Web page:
BarCamp is an ad-hoc “unconference” in which attendees volunteer to make presentations in their areas of expertise. For five years the T-shirt artwork had featured a variant of the BarCamp logo, and I felt it was getting monotonous. I suggested that we should offer the attendees some more variety, and the organisers agreed.
BarCamp topics are usually related to business, communications and technology, and the event attracts people of that demographic. As a clothing item it was essential to create a design that would appeal to that audience without being too industry-specific. I wanted the shirt to communicate the fun spirit of the event and also illustrate its usual format of speaker and audience with multiple topics.
I knew the irony of using Egyptian hieroglyphics for a typically hi-tech event would be appreciated by an audience that is used to being bombarded with brushed metal and glossy icons. The organisers had asked to use a brown T-shirt this year; I thought the raw quality of hieroglyphics would work well with this earthy colour. We did not know how many inks we could afford at first, so artwork in this style could be easily adjusted to suit our budget constraints.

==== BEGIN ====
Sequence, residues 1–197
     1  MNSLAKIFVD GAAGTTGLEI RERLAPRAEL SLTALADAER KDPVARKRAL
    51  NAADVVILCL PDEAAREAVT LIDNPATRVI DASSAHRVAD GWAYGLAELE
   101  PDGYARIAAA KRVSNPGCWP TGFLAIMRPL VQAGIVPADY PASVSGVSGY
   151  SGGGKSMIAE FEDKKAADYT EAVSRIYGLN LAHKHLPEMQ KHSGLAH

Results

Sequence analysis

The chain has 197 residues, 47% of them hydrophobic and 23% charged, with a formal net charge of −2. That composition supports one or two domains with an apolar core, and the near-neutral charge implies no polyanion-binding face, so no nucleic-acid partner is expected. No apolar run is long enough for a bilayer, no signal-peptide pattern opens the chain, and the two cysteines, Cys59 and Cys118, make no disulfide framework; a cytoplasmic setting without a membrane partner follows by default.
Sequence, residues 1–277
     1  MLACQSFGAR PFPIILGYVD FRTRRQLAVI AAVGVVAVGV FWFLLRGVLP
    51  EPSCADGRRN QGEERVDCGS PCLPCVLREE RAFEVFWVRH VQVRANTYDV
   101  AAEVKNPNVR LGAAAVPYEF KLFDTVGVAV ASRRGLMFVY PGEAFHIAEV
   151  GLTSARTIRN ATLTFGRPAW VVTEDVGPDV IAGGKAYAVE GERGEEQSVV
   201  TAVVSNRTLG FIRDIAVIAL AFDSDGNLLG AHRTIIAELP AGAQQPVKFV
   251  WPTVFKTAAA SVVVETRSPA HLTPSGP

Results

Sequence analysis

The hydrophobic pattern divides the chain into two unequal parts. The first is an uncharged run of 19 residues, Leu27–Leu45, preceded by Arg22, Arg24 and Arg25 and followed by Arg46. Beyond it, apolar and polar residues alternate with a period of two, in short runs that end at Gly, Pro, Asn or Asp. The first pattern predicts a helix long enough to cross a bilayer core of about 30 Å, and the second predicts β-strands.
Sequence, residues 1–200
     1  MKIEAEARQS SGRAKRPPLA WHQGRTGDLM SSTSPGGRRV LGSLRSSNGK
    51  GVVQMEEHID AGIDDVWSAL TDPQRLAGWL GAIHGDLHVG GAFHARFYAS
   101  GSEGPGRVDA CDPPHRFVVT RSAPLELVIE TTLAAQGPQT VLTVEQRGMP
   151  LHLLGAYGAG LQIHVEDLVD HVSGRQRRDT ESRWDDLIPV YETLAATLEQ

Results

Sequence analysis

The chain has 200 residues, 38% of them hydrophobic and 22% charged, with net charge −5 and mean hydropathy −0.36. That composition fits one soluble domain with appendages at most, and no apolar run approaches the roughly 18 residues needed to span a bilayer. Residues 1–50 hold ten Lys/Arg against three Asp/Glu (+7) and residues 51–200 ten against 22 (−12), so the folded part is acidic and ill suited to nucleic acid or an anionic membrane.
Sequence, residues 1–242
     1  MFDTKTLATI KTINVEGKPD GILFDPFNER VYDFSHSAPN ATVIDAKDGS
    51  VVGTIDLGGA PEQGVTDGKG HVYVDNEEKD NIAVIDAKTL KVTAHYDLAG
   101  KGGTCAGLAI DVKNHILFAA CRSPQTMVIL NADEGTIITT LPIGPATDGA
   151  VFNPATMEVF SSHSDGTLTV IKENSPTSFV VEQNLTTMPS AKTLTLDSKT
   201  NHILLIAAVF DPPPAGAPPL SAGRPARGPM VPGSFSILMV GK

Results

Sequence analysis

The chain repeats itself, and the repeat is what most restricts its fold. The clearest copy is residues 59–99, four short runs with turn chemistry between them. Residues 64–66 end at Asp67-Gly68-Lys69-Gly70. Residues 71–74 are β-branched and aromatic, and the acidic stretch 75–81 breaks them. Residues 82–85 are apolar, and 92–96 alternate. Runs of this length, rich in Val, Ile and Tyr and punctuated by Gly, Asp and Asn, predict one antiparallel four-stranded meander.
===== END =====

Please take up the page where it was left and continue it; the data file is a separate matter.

I did much research into hieroglyphic imagery, and drew inspiration from wide variety of sources. I used Illustrator to create vector artwork, overlaying it on photos of real hieroglyphics and modifying the character poses and props. I also drew the letters "BarCamp Saskatoon 2011" in a hieroglyphic style that would fit with the other symbols.
To stay true to the raw qualities, I then hand-traced the artwork with a computer stylus and paint software after the layout and concept were approved.
The shirt design was very well received by all who attended, and I spotted people wearing the shirts even many months after the event.